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Newcastle disease virus fusion and haemagglutinin-neuraminidase proteins contribute to its macrophage host range

Authors
Journal
Journal of General Virology
0022-1317
Publisher
Microbiology Society
Publication Date
Volume
94
Identifiers
DOI: 10.1099/vir.0.048579-0
Keywords
  • Standard
  • Animal
Disciplines
  • Biology
  • Medicine

Abstract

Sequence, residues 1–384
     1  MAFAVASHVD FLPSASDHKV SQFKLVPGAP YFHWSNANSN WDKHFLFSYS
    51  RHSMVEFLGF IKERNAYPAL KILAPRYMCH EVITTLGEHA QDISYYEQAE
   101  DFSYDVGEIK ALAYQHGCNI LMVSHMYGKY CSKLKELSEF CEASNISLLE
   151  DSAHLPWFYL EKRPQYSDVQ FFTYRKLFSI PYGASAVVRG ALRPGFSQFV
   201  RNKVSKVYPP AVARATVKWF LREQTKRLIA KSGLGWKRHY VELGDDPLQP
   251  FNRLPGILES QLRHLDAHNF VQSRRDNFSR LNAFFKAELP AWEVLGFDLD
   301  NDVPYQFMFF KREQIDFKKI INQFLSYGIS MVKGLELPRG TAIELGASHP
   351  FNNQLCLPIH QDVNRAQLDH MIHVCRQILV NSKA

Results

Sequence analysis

The fusion (F) and haemagglutinin-neuraminidase (HN) proteins of Newcastle disease virus (NDV) are multifunctional proteins that play critical roles during infection. Here, we assessed the ability of NDV to replicate in macrophages and investigated the contribution of the F and HN proteins to NDV infection/replication in these cells. Results of our study revealed that, while presenting similar replication kinetics in a fibroblast cell line (DF1) or in primary non-adherent splenocytes, the NDV strain CA02 replicates better in macrophages (HD11 and primary adherent splenocytes) than the NDV strain Anhinga/93. Notably, exchange of the HN or both F and HN genes of NDV Anhinga/93 by the corresponding genes from NDV CA02 markedly improved the ability of the chimeric viruses to replicate in macrophages. These results indicate that the F and HN proteins are determinants of NDV macrophage host range. This represents the first description of productive NDV infection in macrophages.

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